NASCAR Cup Series
By Terrin Waack
Published: 6 May, 2021
3 Minute Read
There’s freedom in the future with the Next Gen car.
As modern-day advancements are made not only in motorsports but in everyday transportation, the ability to adapt is practically required. NASCAR and its manufacturers know that, which is why there was an emphasis on hybrid and electric capabilities for the new set of wheels coming in 2022. The Next Gen car is built to change.
“The current Gen-6 car, it would be a complete overhaul to go to a hybrid system,” said Richard Johns, Ford Performance’s program engineer. “With this, it’s not a complete overhaul. It’s adding a few bits and pieces of electronics, and you’re ready to go on the race track.”
It’s a few more bits and pieces for a full-electric car, too.
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Quite simply, and for this purpose, the Next Gen car is divided into three parts: front, middle and back. Switching to a hybrid would involve altering one part. Electric would take two.
Ford Performance’s global director, Mark Rushbrook, can better explain in further detail.
“With this module of the car — with the center section and then the bolt-on front clip and bolt-on rear clip — you have a lot of architectural flexibility there,” he said. “The first step with hybrid will be relatively easy in the sense that the combustion engine stays the same, the driveline stays the same; well, the transaxle in the rear, you can put on electric motor to drive back there and a modest battery — and boom, you’ve got a hybrid. … For a full electric, there will be more changes required, but with the bolt-on front clip and rear clip, you can then have a unique front clip for an electric motor version.”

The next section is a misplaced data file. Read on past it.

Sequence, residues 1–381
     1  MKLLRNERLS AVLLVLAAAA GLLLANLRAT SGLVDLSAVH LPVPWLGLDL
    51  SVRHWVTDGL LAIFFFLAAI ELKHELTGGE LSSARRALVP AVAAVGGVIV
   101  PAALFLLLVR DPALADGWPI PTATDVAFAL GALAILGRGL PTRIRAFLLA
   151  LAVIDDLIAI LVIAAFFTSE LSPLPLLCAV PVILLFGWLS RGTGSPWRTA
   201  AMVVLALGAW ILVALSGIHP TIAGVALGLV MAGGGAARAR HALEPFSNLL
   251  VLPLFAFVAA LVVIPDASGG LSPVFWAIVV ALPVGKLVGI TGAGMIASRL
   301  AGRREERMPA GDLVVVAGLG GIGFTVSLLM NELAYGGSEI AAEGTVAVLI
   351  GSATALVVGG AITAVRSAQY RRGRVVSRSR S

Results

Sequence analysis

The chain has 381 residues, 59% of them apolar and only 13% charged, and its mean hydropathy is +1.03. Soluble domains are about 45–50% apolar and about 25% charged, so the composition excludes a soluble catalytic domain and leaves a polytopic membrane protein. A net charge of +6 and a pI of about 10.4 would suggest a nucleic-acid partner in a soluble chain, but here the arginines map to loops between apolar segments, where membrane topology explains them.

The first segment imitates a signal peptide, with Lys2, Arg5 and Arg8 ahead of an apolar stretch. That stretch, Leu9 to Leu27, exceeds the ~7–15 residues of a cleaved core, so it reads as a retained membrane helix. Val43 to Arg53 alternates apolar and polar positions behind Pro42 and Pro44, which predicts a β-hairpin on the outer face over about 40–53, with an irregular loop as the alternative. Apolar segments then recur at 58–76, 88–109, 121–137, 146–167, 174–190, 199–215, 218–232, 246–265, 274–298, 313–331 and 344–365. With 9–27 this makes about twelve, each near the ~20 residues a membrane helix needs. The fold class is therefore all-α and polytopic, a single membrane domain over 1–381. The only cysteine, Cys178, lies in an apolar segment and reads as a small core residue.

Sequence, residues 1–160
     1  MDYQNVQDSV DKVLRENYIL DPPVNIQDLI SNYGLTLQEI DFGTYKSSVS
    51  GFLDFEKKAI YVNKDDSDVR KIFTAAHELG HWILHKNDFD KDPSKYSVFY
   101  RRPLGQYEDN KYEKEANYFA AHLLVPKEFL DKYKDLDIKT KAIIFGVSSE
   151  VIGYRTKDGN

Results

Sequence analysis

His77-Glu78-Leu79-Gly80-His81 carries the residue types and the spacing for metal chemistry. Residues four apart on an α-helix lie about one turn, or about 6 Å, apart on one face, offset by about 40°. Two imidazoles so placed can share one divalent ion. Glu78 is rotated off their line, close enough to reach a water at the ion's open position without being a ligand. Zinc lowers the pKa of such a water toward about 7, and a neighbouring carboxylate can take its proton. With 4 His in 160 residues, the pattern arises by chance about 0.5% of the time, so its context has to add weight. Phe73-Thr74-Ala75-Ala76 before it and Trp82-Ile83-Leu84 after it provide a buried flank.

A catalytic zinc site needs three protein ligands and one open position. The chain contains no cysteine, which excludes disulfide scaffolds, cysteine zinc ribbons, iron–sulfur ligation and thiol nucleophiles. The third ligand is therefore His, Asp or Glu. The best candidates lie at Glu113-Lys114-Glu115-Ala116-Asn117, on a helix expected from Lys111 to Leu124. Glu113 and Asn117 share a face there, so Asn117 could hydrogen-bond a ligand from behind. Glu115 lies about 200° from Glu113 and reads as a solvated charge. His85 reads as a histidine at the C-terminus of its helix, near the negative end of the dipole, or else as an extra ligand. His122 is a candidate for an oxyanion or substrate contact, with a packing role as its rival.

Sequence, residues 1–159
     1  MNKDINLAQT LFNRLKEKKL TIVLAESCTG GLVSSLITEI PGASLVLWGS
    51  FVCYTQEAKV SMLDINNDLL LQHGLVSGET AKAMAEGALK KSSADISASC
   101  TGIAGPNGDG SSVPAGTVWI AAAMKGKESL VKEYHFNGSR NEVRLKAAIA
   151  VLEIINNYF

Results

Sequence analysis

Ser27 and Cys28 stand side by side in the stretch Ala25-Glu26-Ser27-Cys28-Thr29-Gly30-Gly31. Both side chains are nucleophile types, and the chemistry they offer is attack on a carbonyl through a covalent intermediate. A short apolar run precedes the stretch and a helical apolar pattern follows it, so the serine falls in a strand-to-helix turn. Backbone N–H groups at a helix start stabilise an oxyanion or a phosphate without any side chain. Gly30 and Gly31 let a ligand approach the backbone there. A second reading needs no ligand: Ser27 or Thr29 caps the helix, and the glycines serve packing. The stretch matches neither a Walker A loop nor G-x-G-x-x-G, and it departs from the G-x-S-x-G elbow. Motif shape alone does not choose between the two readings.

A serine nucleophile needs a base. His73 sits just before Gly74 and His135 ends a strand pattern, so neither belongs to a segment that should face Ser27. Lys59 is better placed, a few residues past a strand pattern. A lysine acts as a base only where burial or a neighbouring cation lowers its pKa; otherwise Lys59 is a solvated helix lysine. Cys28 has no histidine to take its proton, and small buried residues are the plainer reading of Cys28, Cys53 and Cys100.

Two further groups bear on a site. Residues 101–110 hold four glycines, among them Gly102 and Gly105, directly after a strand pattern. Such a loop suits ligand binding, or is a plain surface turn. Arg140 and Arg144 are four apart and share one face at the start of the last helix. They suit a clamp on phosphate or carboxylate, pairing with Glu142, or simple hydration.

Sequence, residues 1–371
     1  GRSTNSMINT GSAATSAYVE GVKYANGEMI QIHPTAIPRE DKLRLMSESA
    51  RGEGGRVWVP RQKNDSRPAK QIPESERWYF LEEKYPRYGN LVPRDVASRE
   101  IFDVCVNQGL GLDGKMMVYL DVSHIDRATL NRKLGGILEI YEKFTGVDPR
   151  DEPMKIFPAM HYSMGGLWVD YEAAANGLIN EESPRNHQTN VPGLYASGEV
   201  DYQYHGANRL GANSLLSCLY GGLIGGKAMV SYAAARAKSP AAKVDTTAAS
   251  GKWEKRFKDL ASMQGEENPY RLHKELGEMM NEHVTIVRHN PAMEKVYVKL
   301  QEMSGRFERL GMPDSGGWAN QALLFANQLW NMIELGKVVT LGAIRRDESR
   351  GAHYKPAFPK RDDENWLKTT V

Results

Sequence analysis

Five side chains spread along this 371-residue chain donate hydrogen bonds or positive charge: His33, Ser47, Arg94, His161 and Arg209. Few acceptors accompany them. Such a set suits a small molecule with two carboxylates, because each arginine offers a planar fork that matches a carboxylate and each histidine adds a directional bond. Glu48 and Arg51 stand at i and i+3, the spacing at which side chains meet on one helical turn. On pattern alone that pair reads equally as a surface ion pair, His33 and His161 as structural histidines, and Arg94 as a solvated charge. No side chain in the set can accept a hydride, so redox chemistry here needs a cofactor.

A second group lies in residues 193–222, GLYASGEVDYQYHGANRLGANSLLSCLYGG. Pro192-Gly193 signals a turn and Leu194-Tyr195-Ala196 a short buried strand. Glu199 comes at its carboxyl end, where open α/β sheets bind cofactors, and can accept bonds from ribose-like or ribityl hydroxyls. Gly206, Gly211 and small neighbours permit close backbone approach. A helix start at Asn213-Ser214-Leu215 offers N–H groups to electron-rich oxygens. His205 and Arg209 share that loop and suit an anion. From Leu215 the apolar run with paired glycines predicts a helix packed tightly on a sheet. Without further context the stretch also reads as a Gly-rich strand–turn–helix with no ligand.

Johns also called it “package protected.” The package is the powertrain. It’s what has been modified to allow the car to go hybrid or electric.
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If the switch happens, then there’s the actual racing aspect on the competition side to consider, aka figuring out how to keep fast speeds once the car is hybrid or electric. Aerodynamics will continue to play a part there, with adjustments being made the same way they would normally.
“We have a driving simulator to run things; if we need to, we could put everything together there,” said Tommy Joseph, Ford Performance’s aerodynamics supervisor. “Here’s the effect of the hybrid-powered unit, here’s how much faster or slower it goes, this is the drag change we need to go with that — we can work through all that virtually.”
Of course, none of this is an immediate concern for 2022. The Next Gen car is going to remain non-hybrid, non-electrical for the season-opening Daytona 500 in February, when it’ll make its competitive debut. Ford, Toyota and Chevrolet are also the only manufacturers involved still; it’s more than likely too late for others to join for next year.
But say NASCAR does go hybrid in 2023 or even 2024. And so does the rest of the world. The sport then has the ability to gain additional appeal to potential partners looking to promote their own technological development.
“I don’t know that the car itself — if we kept running the internal combustion engine that we have today — will necessarily bring other manufacturers,” Rushbrook said. “But if we go hybrid and/or full electric, I think that will bring more manufacturers.”